This weekend we celebrate the Solemnity of Mary, the Holy Mother of God. It’s the great debate: What are we to do about Mary? That she is the mother of God is not up for debate, Elizabeth tells us that quite clearly in Luke 1:43 when she tells Mary, “How does this happen to me, that the mother of my Lord should come to me?"
This week’s Collect gives us a few fascinating things about Mary to meditate on.
O God, who through the fruitful virginity of Blessed Mary bestowed on the human race the grace of eternal salvation, grant, we pray, that we may experience the intercession of her, through whom we were found worthy to receive the author of life, our Lord Jesus Christ, your Son. Who lives and reigns with you in the unity of the Holy Spirit, God, for ever and ever.
Let’s start by looking at the first two verbs in this prayer, bestow and grant. At first glance they can mean the same thing. In many Collects, we ask God to grant something, giving him permission to give us something. Bestow, however, means something different.
Bestow means deposit for safe keeping. The grace of our eternal salvation was given to Mary for safe keeping. Imagine God trusting someone so much to give them his only Son to raise, but this wasn’t just an ordinary son. The raising of the Son of God needed to be done right and God entrusted the job to Mary. Does trusting Mary sound a bit scary? Consider this: the Father trusted Mary enough to raise the Messiah, don’t you think you could trust her as well? Mary was bestowed with the Son and because of her safe-keeping, we are given the grace of eternal salvation.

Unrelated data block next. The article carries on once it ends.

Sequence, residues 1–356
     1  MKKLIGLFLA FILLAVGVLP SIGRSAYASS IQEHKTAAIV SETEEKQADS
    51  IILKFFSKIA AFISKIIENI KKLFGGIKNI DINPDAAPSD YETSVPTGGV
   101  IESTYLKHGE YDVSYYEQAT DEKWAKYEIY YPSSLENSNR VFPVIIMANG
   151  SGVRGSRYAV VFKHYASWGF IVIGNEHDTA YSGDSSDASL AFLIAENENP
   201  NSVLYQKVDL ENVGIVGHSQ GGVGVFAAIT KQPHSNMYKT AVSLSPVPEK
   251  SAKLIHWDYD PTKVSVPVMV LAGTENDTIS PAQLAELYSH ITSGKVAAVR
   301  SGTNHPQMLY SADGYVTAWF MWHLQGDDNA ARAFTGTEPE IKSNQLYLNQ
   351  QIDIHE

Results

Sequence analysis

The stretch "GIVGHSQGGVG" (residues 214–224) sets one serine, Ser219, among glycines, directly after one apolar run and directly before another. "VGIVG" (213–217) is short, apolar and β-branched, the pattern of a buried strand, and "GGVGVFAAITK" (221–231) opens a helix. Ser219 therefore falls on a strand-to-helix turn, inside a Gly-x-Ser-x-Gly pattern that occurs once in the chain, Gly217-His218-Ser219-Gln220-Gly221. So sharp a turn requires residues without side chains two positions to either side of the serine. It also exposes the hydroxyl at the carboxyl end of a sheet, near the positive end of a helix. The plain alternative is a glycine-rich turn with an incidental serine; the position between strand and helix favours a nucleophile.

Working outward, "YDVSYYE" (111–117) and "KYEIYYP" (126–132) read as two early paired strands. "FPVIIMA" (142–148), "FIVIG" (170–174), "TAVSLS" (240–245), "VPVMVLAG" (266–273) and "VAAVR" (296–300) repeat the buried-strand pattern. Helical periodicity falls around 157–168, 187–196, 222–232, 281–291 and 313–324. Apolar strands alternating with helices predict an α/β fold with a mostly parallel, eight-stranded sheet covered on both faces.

The next part of the prayer asks that we may experience Mary’s intercession. Sometimes we tend to make this harder than it needs to be. We have a prayer chain at our church and I would wager that the people on the prayer chain enjoy the opportunity to pray for others. Someone with the Charism of intercessory prayer will pray for someone like it’s their job. So why not ask the people who are now the closest to Jesus, the ones who have gone before us, to pray for us, too?
It really seemed odd at first to ask Mary and the Saints in heaven for help. In chapter 5, verse 16 of his book, James instructs us to pray for one another and that the fervent prayer of a righteous person is very powerful. I can’t think of anyone, besides Jesus, whose prayers would be more powerful than the Mother of God. Note, though, that we don’t pray to Mary, we only ask for her intercession. Worship is given to God alone, yet I believe that God doesn’t mind at all if we ask His mother for help. We see Mary in her role as intercessor at the wedding of Cana when she went to Jesus for help when the wine ran out. What did Jesus do? He fulfilled the request of his mother.
Whether we realize it or not, Mary has already interceded for us. It is through her intercession that we have been made worthy to receive the author of life, her Son, our Lord.
All of us, Catholics or otherwise, all of God’s children, have been given the gift that Jesus was given, a loving Mother who loves us as much as she loves her Son. A loving Mother who places our needs at the feet of her Son. A loving Mother who wants us to love her Son as much as she does. A loving Mother who wants us to pray her words, “My soul magnifies the Lord.”
Holy Mary, Mother of God, pray for us sinners now and at the hour of our death.
Thanks for praying with me,